Constituting about one percent of total university payroll, the raises were meant to retain staff who got offers at other universities and to reward staff who were promoted, while some raises were required by contract, said UI spokesman Thomas Hardy via email. He says UI president Michael Hogan continued the initiative started by former president Stan Ikenberry.
Hardy notes that there has not been a general salary increase at the university since 2008, adding that targeted salary increases are needed to retain quality staff.
“Talented faculty and staff can be recruited away — and we are seeing this happening — by other institutions with better compensation packages,” he says. “This can lead to the loss not only of talent, but research funding for research faculty and their teams, and it can result in the loss of prestige of this university.”
About 19 percent of UI staff still received raises, Illinois Times’ analysis indicates. Most of the raises were given to employees at the university’s Urbana-Champaign campus (UIUC), which also has the largest staff. More than $6.3 million was split between 1,366 staff at UIUC, bringing that campus’s payroll to more than $421 million. At the Chicago campus (UIC), 722 staff shared just over $3 million in raises, bringing the campus payroll to about $396 million. At the Springfield campus (UIS), 97 staff together received almost $340,000 in raises, bringing payroll to $21.6 million. Four university administration staff shared $20,290 in raises, raising that payroll for that group of employees to $61.7 million.
The raise program provided an additional $3,000 for each full-time faculty member promoted to full professor and $2,000 for each full-time faculty member promoted to associate professor with tenure. Faculty who received offers from other universities may have received raises in different amounts, but records pertaining to outside offers were withheld from a Freedom of Information Act request sent to the university by Illinois Times. That withholding is pending appeal with the office of Illinois Attorney General Lisa Madigan.
Documents obtained by the newspaper through that records request show the raises were meted out by college deans or vice chancellors and were approved only for units with “adequate resources” that “will not incur a deficit.”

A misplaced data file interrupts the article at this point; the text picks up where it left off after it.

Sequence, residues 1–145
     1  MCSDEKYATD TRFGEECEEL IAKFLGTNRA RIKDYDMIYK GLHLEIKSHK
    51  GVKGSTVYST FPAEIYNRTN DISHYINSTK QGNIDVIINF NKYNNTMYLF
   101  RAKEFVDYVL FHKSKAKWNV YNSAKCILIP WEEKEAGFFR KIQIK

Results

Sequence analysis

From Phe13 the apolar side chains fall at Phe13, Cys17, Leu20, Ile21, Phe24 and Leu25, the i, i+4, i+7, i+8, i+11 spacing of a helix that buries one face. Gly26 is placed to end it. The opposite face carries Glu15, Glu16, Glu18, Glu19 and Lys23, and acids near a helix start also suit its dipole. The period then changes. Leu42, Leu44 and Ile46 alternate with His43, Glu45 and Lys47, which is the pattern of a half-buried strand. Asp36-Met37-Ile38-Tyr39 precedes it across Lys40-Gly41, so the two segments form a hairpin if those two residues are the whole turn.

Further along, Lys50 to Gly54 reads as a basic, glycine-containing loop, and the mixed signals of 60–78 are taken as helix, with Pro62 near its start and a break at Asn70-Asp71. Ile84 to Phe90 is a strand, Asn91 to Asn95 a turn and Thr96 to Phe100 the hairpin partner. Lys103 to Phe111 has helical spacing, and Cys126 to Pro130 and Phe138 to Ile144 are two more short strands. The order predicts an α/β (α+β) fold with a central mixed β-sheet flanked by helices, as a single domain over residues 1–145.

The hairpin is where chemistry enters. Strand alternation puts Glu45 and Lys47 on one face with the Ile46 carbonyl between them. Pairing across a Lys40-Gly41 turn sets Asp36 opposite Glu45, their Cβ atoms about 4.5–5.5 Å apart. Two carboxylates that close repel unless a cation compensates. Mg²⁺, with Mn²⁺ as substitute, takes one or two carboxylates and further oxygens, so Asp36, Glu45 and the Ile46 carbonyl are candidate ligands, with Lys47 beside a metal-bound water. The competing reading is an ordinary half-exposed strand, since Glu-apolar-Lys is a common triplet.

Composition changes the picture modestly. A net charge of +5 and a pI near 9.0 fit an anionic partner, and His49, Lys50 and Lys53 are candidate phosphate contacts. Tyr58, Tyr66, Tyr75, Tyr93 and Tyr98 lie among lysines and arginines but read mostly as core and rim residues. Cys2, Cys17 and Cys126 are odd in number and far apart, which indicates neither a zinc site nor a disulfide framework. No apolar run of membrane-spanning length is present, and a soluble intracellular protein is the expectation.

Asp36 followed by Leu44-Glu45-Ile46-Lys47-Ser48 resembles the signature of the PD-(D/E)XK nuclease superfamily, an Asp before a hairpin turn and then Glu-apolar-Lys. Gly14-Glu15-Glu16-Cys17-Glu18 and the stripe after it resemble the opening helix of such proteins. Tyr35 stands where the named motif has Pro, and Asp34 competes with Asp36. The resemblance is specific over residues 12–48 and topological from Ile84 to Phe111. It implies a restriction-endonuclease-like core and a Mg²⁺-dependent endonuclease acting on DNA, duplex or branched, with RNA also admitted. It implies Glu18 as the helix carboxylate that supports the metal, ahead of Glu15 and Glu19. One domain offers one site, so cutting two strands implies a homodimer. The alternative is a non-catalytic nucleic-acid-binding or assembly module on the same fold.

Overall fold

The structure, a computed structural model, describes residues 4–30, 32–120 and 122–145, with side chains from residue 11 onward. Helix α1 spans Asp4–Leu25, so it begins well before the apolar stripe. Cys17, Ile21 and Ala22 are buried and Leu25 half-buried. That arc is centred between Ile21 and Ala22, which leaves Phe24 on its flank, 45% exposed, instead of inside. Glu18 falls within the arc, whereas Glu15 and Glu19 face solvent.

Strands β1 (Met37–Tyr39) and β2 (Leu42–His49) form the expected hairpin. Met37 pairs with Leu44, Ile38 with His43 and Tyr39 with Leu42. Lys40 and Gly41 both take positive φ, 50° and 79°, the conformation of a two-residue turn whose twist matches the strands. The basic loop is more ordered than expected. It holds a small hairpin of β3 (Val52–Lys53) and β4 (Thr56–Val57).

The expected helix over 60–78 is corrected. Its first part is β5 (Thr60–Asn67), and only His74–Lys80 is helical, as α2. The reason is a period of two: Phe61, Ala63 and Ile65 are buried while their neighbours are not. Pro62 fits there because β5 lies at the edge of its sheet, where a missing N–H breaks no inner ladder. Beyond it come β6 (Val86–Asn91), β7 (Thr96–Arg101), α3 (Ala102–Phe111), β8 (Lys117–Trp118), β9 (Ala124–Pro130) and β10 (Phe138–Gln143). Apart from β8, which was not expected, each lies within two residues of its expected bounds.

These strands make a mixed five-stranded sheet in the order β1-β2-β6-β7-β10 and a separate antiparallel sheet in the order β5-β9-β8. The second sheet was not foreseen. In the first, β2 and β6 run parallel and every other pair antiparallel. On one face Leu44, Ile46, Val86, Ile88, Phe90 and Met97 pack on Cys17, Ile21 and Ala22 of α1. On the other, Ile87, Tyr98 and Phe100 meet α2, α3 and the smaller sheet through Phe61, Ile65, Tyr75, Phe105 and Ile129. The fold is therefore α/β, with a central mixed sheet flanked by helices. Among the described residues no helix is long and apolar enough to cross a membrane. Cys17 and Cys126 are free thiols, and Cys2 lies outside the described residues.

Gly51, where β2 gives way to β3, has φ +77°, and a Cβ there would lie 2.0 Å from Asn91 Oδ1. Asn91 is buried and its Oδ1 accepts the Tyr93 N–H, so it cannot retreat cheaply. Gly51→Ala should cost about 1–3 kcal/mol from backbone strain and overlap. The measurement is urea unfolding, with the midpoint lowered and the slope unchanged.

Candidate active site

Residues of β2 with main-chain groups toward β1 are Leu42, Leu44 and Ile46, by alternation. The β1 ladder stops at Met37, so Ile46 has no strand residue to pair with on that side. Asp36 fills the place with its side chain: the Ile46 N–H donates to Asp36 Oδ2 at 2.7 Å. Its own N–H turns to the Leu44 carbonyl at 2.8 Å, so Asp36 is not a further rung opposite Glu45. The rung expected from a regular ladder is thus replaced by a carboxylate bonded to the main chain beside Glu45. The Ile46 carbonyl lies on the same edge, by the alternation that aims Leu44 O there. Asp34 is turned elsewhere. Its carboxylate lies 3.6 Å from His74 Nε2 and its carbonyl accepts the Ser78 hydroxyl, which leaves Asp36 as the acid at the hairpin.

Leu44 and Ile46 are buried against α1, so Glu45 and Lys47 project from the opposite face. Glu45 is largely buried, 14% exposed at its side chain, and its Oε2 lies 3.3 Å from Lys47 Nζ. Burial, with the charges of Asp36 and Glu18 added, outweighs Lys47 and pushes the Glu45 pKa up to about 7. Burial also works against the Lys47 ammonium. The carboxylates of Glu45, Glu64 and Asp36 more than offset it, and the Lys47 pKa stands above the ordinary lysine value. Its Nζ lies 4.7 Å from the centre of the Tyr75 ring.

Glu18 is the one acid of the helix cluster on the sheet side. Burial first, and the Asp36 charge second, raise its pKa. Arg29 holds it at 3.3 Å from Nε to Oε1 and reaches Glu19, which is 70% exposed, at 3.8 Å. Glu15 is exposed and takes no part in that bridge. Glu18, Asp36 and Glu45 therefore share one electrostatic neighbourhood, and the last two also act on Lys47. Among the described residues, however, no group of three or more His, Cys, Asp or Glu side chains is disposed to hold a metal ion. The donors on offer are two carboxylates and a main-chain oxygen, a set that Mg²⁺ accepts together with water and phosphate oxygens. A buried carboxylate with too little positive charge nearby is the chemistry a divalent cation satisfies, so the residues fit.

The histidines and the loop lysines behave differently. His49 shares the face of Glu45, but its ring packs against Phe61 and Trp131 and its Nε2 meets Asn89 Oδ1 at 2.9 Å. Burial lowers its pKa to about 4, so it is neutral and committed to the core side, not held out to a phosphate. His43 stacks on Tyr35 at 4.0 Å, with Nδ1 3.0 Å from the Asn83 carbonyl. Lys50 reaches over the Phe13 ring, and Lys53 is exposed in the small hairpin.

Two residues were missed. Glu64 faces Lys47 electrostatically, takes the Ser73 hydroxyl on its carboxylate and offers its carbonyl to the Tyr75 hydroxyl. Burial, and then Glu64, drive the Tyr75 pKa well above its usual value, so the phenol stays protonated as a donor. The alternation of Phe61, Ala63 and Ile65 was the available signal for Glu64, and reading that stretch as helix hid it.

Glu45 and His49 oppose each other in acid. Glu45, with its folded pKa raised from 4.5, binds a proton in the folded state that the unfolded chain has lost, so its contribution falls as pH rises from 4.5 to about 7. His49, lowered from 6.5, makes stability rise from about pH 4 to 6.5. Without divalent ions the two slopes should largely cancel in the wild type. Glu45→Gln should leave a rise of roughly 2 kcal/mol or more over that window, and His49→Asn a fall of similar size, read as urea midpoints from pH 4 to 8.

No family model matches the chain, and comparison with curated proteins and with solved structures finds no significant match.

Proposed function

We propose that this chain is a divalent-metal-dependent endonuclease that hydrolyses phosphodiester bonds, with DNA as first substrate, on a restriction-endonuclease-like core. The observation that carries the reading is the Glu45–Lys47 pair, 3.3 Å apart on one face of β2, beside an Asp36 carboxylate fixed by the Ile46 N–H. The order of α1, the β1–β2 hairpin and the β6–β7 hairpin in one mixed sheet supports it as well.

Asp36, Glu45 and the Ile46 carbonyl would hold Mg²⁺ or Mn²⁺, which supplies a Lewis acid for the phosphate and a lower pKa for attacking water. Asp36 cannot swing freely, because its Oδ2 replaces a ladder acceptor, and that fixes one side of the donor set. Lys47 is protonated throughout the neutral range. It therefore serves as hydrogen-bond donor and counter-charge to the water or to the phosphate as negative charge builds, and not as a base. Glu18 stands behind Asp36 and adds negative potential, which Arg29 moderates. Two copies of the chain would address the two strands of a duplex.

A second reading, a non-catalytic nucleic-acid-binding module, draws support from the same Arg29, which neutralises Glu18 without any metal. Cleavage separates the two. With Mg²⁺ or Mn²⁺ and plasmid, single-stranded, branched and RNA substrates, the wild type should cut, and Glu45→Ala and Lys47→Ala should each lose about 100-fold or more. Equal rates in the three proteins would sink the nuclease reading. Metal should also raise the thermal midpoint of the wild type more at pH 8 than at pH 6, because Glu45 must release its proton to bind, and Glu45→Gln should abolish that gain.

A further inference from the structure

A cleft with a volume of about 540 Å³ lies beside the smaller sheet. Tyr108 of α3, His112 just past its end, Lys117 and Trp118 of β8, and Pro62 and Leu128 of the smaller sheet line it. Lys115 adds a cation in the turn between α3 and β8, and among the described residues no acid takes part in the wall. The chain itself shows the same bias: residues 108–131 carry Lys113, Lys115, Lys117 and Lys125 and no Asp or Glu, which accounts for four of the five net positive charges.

The university system also has a little more than 1,600 unfilled positions, according to the salary data analyzed by Illinois Times. Those positions will likely remain unfilled as a means to manage the university’s budget through attrition, according to a Sept. 23, 2010, UI Board of Trustees budget presentation.
On March 23, the trustees voted in a meeting at UIS to increase tuition by 6.9 percent at all three UI campuses. Speaking to reporters after the vote, Hogan characterized the raise as an “annualized” 2.7 percent increase because tuition will be fixed for the next four years. The increase is expected to bring in an estimated $22 million. UI base tuition for in-state resident students will increase $718 per year to $11,104 at UIUC, $630 per year to $9,764 at UIC; and $562 per year to $8,670 at UIS.
The State of Illinois owes the University of Illinois system about $477 million out of $654 million appropriated in the state budget, Hardy says, adding that the university system has saved about $11 million by reorganizing administrative offices, with about $60 million in annual savings expected overall.
“These kinds of strategic assessments of how the university can best allocate its resources are ongoing and we’re never really ‘finished’ in how we can operated more efficiently and effectively in support of our core missions of education, research and public engagement,” he says.
Andrew Thomason of Illinois Statehouse News contributed to this report.
Contact Patrick Yeagle at email@example.com.